Every week, The Thread checks in with booksellers around the country about their favorite books of the moment. This week, we spoke with David Shuman, a bookseller at Book People in Richmond, Va.
Since today would have been Douglas Adams's 65th birthday, there was really only one book that Shuman felt he could recommend: Adams's classic, "The Hitchhiker's Guide to the Galaxy."
First published more than 30 years ago, the comedic space romp is a fan favorite. Shuman himself rereads it every few years, along with Adams's other four books in the series.
For anyone who hasn't experienced the mix of off-the-wall humor and deep philosophical musings that "Hitchhiker's Guide" is known for, Shuman says: Dive in.
"It's a humorous sci-fi book about philosophy and 'why are we here' and 'why do we die'," Shuman said. "Douglas Adams managed, in a humorous way, to tell universal truths."
"I got a lot of my philosophical and political start reading Douglas Adams. Before I discovered 'real philosophers' as a teenager, I read 'Hitchhiker's.'"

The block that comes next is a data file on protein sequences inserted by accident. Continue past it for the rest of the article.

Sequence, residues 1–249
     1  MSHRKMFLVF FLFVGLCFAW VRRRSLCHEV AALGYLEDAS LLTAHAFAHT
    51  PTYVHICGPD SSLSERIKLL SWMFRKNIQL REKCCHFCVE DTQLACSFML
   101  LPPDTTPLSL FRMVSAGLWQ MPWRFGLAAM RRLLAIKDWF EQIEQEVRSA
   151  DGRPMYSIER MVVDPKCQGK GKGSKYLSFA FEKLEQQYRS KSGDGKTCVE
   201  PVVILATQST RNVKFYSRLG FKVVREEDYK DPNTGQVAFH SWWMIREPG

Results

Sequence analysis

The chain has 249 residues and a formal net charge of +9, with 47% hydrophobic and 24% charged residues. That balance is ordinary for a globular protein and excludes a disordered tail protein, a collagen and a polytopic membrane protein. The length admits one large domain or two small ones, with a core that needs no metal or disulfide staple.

The book opens moments before Earth is about to be demolished to make way for a galactic freeway. Arthur Dent, the hapless main character at the center of the book, is rescued at the last minute by his best friend, who turns out to be an alien at work on "The Hitchhiker's Guide to the Galaxy," a travel guide for navigating outer space.
"Shenanigans ensue," Shuman said.
For anyone who has been waiting to pick it up, Shuman said "if you need a humorous way of discovering why we're here, this is the answer to all of your questions."
Then he clarified: "I didn't necessarily say they'd be the right answers."
Adams would approve.